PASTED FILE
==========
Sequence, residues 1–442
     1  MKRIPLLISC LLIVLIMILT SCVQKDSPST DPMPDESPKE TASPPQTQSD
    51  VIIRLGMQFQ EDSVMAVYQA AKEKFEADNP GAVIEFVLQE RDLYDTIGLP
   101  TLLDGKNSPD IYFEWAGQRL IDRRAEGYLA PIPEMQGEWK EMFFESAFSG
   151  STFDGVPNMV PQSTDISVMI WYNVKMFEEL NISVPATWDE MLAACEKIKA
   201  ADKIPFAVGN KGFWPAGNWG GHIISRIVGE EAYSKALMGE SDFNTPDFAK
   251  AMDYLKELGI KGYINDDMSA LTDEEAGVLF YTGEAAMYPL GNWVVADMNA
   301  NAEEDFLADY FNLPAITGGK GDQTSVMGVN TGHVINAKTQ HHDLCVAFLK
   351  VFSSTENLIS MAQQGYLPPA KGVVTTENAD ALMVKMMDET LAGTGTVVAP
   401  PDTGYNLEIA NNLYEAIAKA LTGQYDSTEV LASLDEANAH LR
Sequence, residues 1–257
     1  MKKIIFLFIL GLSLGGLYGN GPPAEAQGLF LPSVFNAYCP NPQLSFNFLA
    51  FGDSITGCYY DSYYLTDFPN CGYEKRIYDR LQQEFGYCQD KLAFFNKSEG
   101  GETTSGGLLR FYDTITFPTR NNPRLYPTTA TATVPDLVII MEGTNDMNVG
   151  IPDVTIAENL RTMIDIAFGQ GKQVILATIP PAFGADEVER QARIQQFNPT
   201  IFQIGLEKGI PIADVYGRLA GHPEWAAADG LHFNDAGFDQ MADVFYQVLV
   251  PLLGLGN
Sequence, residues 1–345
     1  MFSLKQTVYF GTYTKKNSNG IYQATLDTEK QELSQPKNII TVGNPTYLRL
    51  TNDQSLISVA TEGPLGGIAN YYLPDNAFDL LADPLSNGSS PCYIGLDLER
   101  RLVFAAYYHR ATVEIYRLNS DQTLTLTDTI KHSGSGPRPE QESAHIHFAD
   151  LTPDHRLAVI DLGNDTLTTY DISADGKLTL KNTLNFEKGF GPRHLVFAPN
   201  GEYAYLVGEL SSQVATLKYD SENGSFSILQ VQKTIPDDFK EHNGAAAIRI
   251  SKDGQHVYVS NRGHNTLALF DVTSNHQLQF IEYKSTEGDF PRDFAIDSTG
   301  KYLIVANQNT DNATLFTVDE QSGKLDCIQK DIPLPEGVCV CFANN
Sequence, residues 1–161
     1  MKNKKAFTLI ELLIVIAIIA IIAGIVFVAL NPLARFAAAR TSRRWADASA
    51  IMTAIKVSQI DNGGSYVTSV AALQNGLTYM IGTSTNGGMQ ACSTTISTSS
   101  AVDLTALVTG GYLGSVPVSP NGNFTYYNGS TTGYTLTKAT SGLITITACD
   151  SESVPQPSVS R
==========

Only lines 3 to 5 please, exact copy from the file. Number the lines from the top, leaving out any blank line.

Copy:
    51  VIIRLGMQFQ EDSVMAVYQA AKEKFEADNP GAVIEFVLQE RDLYDTIGLP
   101  TLLDGKNSPD IYFEWAGQRL IDRRAEGYLA PIPEMQGEWK EMFFESAFSG
   151  STFDGVPNMV PQSTDISVMI WYNVKMFEEL NISVPATWDE MLAACEKIKA